Leo Sayer’s music is my age. At 69 he’s a decade older than I am. However, it was, inter alia, his music I listened to as a young woman, first finding my feet in the complex social world outside my family and school (not that those two weren’t already complex enough).
The superstar is coming to South Africa for a three concert visit – 21, 22 and 23 April at the Teatro, Montecasino. I interviewed him telephonically from his Australian home for my blog.
Leo Sayer was the artist who opened Sun City’s Superbowl way back in 1979. It was the height of the United Nations cultural boycott on South Africa in condemnation of apartheid. The argument used by Sol Kerzner (apart from financial incentives) was that Sun City was not in South Africa, but in Bophuthatswana, an independent state and that the black and coloured fans of the artists should be allowed to hear their favourite artists live. Leo Sayer, a long term friend of many of the members of the ANC in exile, was tied up in an exclusive contract, but did manage to perform an informal and impromptu concert in Soweto with Winnie Madikizela Mandela during that visit, although it caused so much trouble for Leo Sayer that his plans to perform free of charge at schools and other townships and villages were cancelled. I missed Leo Sayer’s visit, but did catch Bony M, Rod Stewart, Elton John and Queen later.
Since then Leo Sayer has visited Africa including South Africa regularly, both as a tourist visiting Africa’s many reserves and national parks, including the Kruger National Park and Addo Elephant Park as well as some private game reserves. He saw the new Millenium in at a private concert in the Karoo for guests of the Blue Train (both the one coming from Cape Town and travelling north and the one coming from Pretoria and travelling south). In 2005 he was back for the Silver Jubilee Concert of the Superbowl.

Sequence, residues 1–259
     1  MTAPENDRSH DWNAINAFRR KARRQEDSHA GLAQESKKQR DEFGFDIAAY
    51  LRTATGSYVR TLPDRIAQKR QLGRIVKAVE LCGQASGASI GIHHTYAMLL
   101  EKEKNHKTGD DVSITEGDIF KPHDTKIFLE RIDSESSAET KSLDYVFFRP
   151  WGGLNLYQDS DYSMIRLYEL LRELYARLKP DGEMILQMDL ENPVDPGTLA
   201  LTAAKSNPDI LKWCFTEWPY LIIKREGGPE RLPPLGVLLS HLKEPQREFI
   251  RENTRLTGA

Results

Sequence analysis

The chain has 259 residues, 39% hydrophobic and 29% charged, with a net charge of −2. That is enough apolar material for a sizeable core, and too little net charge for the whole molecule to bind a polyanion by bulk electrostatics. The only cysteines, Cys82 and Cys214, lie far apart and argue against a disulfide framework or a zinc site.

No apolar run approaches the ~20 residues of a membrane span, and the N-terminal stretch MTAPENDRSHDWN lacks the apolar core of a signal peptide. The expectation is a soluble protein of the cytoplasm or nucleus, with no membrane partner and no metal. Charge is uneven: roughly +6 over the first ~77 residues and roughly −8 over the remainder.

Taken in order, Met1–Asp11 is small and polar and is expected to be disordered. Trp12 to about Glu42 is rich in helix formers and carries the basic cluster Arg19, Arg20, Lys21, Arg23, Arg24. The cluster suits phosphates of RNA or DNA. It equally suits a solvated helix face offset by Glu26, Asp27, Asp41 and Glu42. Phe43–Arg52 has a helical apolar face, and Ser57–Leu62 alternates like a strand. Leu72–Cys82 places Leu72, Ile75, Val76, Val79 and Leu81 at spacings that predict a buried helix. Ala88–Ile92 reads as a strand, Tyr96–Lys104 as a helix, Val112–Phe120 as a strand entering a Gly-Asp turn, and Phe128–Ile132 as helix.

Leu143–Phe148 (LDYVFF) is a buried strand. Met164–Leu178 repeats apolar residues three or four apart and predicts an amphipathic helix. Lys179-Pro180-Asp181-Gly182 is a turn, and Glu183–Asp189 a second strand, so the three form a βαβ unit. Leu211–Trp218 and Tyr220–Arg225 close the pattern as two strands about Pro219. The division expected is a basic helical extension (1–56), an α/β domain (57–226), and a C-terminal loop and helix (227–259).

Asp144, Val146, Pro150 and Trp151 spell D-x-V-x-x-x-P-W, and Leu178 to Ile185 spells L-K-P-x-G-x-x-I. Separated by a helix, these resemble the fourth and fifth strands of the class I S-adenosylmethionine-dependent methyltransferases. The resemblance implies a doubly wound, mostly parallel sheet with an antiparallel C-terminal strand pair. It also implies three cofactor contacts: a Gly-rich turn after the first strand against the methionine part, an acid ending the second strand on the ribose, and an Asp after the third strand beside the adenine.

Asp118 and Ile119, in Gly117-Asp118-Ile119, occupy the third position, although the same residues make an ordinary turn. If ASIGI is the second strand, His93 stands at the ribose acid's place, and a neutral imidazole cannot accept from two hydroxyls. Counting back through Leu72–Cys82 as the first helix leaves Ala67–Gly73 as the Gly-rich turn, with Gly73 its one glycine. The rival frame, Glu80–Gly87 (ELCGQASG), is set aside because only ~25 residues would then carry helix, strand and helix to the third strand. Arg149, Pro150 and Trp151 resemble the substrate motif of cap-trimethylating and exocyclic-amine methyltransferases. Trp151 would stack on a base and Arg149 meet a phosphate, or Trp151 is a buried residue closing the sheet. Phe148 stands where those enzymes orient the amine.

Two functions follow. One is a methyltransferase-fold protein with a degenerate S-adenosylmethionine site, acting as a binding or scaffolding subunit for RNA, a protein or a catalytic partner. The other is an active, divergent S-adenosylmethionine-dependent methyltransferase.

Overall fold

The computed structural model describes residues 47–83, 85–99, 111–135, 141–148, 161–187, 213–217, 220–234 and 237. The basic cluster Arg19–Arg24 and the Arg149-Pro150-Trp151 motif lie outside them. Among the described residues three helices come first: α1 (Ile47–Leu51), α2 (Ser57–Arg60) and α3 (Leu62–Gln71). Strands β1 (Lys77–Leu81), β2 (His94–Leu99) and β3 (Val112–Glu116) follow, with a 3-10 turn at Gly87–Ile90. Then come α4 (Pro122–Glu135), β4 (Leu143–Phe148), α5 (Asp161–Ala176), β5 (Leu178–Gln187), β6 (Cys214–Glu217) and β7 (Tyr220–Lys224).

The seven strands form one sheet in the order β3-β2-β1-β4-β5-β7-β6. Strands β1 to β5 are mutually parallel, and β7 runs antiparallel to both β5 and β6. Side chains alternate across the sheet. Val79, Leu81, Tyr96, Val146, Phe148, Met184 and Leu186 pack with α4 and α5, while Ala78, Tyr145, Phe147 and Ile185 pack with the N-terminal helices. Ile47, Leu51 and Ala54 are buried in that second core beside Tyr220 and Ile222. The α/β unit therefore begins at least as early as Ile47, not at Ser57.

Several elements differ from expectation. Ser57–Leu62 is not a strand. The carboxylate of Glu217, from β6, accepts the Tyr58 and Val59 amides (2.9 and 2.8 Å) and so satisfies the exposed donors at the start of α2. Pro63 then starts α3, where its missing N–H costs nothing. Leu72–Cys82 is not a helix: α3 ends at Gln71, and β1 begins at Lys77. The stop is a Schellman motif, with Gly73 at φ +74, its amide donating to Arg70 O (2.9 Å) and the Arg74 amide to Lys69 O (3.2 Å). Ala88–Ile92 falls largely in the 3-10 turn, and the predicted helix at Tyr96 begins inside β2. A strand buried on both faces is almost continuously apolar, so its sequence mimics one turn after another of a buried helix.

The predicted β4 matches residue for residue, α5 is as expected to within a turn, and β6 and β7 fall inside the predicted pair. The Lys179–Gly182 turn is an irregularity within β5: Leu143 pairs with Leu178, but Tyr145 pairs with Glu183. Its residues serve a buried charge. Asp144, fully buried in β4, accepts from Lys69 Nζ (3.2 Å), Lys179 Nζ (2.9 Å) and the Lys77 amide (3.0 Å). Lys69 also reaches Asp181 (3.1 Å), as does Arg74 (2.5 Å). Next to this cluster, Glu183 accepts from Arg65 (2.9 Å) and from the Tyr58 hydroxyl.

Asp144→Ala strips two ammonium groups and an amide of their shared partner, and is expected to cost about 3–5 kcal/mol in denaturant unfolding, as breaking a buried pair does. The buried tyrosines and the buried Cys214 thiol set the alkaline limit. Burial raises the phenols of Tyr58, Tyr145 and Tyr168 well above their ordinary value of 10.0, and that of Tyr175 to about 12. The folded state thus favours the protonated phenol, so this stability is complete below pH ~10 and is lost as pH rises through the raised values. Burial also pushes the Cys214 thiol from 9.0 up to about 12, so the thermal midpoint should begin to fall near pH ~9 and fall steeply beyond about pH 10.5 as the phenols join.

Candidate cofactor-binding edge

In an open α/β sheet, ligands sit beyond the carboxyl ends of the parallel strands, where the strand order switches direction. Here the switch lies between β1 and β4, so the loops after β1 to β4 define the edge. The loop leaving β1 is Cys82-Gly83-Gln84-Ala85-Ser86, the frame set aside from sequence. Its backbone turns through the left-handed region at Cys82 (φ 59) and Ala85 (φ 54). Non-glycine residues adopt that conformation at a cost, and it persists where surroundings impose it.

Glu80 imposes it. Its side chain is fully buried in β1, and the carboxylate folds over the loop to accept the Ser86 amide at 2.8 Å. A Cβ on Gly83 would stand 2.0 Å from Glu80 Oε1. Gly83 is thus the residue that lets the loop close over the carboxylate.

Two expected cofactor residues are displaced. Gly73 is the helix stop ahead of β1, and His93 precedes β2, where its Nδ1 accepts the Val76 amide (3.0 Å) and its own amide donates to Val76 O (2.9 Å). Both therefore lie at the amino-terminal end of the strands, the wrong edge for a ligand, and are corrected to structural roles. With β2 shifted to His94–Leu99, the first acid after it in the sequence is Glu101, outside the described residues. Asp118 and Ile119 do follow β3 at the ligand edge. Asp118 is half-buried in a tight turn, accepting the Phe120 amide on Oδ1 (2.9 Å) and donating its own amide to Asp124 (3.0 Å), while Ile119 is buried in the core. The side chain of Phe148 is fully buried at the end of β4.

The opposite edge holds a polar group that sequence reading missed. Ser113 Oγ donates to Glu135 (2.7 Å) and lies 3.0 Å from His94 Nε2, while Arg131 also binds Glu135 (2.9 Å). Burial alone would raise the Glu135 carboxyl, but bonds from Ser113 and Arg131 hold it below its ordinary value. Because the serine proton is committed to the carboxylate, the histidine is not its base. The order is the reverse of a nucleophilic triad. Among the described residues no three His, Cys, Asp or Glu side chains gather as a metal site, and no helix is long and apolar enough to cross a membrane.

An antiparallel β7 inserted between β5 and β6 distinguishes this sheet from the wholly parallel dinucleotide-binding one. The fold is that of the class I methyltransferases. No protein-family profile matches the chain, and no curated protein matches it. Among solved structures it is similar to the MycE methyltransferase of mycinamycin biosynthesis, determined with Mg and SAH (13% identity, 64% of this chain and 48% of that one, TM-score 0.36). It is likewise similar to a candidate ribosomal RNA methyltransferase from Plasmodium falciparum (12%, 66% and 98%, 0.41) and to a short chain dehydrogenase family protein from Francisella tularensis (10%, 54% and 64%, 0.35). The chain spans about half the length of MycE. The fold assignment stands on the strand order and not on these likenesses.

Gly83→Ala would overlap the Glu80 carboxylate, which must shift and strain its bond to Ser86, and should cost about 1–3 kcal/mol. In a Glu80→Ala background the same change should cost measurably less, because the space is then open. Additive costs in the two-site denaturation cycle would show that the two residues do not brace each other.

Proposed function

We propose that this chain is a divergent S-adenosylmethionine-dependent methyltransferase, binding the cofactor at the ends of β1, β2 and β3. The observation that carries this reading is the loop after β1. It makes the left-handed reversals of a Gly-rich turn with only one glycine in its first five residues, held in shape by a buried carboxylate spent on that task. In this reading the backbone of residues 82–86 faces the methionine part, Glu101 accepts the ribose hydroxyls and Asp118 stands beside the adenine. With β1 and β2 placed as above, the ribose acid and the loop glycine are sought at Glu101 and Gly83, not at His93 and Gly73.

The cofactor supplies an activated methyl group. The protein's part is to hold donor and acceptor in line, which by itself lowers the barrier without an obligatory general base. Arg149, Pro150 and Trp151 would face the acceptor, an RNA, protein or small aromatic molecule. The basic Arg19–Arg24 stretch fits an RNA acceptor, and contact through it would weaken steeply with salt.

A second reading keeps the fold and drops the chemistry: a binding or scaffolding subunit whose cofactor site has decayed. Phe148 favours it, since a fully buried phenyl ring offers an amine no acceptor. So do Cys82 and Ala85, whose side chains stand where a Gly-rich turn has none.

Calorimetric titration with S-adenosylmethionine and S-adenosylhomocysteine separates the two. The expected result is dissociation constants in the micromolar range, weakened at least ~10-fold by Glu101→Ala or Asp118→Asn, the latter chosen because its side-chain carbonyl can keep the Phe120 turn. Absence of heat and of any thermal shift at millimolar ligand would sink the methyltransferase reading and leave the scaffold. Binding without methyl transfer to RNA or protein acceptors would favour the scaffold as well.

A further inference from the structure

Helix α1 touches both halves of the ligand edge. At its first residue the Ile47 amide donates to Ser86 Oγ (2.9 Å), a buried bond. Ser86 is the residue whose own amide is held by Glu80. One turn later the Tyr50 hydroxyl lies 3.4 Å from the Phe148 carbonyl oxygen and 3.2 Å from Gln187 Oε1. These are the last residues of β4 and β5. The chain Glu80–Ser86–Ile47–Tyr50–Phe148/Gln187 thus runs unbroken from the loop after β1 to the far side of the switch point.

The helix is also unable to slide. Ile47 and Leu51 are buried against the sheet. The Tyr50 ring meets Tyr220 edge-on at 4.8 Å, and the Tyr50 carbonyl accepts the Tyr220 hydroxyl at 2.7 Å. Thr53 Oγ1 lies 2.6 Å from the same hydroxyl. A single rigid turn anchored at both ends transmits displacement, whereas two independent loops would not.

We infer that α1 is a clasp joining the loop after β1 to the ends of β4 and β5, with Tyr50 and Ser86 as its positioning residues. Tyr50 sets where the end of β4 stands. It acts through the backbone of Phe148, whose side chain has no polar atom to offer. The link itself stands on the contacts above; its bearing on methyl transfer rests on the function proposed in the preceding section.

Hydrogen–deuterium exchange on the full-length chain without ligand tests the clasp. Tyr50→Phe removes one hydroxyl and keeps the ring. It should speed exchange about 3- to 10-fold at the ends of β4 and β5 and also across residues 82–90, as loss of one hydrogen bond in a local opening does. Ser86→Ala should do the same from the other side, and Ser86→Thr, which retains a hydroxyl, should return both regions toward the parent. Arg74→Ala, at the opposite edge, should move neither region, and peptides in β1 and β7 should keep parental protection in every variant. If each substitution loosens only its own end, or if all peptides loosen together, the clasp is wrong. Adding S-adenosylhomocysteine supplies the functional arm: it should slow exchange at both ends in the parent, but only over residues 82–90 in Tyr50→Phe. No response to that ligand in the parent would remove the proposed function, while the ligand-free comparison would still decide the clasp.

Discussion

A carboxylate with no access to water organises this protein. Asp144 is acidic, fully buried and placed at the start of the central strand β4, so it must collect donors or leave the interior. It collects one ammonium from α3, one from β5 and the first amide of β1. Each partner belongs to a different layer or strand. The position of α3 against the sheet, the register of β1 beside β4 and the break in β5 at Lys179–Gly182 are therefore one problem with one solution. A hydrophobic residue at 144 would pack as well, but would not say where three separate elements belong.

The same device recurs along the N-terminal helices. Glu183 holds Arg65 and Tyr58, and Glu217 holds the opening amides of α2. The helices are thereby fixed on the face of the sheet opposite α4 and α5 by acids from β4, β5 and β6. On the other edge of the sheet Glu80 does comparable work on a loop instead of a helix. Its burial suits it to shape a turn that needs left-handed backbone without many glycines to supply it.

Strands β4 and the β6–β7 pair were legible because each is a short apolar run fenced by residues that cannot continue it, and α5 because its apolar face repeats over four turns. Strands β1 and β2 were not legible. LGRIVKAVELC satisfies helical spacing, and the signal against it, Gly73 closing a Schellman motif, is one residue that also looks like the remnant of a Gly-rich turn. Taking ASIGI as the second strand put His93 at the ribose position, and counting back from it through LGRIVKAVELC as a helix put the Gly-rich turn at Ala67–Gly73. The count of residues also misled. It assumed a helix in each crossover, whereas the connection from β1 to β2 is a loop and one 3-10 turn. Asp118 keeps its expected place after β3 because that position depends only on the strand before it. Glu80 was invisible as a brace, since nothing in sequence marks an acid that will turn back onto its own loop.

Sayer has worked consistently, staying busy with studio recording, song-writing and concert tours. He does between 180 and 200 concerts a year in Australia and South East Asia and China, and in other places. From Johannesburg he will be spending two months touring in England and then down to Malta before returning home to finish the album he is currently working on.
We talk about the joys or otherwise of aging and Sayer assures me he has all the energy he ever had, as well as the wisdom born of experience. His health, like that of many older people, improved after diagnosis of disease led to improved lifestyle habits.
Sayer’s recent album is named for one of the songs on it, “Restless Years”, which refers to the time before he became famous, when he was still on the cusp of his career. It takes the distance of age to truly appreciate youth. He points out that while This album will be on sale at the concerts. Sayer says that if he ever feels the need or temptation to retire he may write a book.
Sayer has lived his dream but still has a lot of excitement and expectations. He says he has a wanderlust now, always looking to the horizon, and his ambition is to be back in Southern Africa soon, playing in Cape Town, Pretoria, Durban, Port Elizabeth and Zimbabwe.
The concert will have some newer material as well as the old Leo Sayer standards. Booking for the concerts at Montecasino’s Teatro on Friday 21 April at 20:00 and Saturday 22 April at 20:00 and Saturday 23 April at 15:00 can be done through Computicket. Ticket prices vary from R495 to R795.